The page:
Elaine Pofeldt: Any tips on how best to deliver the talking points?
Joan Herrmann: Speak in a clear, concise manner. Answer questions succinctly in short chunks listeners can digest and pay attention to. Be sure to include stories. You may not remember that I said, “Don’t talk too long,” but you will remember a story I told about a woman who rambled on too long. Any time you can answer the questions and follow up with a brief story, it becomes more memorable.
Elaine Pofeldt: How can people create a sense of banter with the host?
Joan Herrmann: When you’re having a conversation, and the host asks the question, answer it and offer the supporting information. Then pause. You’re done. Now the host has the opportunity to follow up on something you just said. It becomes banter. You play off of one another.
You don’t want the host to ask one question and run on for the next 10 minutes with the answer. You want to give the host the opportunity to follow up and engage in conversation.
Elaine Pofeldt: What are the number one mistakes you see guests making on podcasts?
Joan Herrmann: Reading answers, rambling, not knowing how to pronounce a host’s name. I watch a lot of shows. I see people overselling. Your audience doesn’t want to hear the title of your book in every answer. You work that into the conversation, but not in every answer. You want to allow the host to promote your book, as well. I’ve had people mention their book in every single answer. After a while it becomes really annoying.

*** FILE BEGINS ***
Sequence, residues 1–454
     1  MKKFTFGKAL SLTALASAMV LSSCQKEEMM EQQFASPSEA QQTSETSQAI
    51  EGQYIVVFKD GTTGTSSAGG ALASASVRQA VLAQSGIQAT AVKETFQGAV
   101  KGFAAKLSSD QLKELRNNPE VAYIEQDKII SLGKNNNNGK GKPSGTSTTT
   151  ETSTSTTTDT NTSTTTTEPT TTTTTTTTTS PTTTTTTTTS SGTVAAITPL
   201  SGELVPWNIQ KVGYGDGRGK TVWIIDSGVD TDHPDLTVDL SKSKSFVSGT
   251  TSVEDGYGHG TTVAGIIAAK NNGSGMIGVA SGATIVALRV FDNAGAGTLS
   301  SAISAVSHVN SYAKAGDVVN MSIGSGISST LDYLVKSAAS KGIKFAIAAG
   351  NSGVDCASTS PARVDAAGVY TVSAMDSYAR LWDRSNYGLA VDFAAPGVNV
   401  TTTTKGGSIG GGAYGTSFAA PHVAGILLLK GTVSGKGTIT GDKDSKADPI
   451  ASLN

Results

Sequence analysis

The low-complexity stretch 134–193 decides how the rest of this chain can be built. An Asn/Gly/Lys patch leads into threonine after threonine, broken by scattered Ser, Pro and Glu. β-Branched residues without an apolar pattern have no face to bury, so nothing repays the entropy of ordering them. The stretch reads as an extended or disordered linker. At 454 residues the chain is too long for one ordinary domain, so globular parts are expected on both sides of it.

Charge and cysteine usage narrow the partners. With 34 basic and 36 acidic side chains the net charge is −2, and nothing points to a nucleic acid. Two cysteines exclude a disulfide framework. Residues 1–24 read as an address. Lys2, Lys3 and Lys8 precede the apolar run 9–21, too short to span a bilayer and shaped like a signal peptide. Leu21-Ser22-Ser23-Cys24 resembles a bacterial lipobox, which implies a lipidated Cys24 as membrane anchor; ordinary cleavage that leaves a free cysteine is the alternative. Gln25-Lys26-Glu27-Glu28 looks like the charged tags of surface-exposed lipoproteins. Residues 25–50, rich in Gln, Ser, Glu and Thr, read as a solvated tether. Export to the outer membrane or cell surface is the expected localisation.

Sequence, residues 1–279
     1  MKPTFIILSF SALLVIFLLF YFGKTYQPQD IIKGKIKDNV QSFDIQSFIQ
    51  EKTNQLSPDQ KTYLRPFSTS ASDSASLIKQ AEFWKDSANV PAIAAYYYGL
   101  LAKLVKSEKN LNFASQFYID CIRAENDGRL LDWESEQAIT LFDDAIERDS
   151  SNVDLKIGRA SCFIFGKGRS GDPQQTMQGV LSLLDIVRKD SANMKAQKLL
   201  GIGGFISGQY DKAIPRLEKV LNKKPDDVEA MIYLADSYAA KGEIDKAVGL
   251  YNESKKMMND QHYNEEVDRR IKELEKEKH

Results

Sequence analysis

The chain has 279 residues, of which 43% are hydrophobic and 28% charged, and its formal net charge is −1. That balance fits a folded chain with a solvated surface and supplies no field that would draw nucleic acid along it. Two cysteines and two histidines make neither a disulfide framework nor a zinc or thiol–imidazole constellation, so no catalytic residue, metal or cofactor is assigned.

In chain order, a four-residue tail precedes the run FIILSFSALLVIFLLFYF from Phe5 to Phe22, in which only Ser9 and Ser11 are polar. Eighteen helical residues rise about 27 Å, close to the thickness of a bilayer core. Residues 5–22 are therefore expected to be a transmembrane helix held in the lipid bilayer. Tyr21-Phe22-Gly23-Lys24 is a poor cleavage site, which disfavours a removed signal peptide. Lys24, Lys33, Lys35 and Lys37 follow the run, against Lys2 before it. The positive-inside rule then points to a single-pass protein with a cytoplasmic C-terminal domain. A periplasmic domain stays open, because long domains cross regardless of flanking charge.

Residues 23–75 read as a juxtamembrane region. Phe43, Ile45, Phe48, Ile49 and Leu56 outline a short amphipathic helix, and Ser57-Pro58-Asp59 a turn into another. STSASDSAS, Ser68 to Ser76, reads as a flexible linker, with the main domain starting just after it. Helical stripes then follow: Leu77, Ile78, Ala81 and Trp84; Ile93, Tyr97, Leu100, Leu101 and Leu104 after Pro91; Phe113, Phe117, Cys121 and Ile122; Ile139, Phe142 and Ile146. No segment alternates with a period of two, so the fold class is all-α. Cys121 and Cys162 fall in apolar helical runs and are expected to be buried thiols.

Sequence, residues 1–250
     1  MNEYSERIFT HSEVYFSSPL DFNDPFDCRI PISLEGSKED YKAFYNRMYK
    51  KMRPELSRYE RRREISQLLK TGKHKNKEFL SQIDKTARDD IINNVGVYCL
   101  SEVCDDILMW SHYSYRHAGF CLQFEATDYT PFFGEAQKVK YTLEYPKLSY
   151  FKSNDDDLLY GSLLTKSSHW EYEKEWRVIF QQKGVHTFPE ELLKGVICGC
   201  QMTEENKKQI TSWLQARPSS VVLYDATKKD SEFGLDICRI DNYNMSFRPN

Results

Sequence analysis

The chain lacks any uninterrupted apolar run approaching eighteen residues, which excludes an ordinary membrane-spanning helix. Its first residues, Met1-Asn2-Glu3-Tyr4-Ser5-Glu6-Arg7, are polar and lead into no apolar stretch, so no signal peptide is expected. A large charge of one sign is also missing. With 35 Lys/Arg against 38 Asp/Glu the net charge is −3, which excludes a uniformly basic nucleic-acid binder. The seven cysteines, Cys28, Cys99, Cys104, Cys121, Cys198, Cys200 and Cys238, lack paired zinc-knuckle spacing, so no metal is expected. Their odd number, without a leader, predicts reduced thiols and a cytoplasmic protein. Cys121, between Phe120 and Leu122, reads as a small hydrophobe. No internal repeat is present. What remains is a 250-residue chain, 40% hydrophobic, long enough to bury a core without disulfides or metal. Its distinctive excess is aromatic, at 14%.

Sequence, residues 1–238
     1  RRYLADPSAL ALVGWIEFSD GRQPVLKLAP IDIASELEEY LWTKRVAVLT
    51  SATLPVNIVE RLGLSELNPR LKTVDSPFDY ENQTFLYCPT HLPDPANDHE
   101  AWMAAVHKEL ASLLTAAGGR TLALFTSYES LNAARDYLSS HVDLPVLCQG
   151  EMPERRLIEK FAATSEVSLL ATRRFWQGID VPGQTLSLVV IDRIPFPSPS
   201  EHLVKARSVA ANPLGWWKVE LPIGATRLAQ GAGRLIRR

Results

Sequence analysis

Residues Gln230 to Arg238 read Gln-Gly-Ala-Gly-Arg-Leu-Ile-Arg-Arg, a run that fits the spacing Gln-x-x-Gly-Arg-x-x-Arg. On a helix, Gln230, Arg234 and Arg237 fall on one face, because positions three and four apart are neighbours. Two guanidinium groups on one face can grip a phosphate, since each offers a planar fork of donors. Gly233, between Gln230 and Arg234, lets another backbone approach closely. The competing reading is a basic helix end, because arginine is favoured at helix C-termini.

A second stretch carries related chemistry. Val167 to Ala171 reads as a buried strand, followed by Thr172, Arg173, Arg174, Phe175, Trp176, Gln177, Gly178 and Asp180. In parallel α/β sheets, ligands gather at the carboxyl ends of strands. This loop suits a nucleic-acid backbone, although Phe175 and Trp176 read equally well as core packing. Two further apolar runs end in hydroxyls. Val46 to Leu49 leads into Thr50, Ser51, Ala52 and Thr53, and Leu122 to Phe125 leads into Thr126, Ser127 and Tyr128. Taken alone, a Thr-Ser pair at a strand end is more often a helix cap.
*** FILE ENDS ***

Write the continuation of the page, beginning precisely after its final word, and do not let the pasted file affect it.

I always ask in my conversation ‘Can you give us a few tips that will help a person with..,” on the topic of the interview. I had a big-name person on the show who said, “Why don’t we let the people buy the book?”
That is something you do not want to say. You’re not there to sell, sell, sell. It’s a backdoor sales approach. You’re there to shine as an expert, to get them interested in what your messaging is.
You don’t want to be known for selling. You’re getting people interested in you and your work and your knowledge, as opposed to your salesmanship.
Elaine Pofeldt: How can guests stay focused on what the listeners will care about?
Joan Herrmann: That comes back to knowing your show and doing your pre-show homework. You want to understand who the listeners are. Check out the demographics of the show. Who is listening to the show? If it’s a business audience, you might use different language as opposed to a health-related audience. You want to know who you are talking to—women, men, age group, profession, so you can craft your message appropriately.
Elaine Pofeldt: What do you recommend for guests who have the jitters?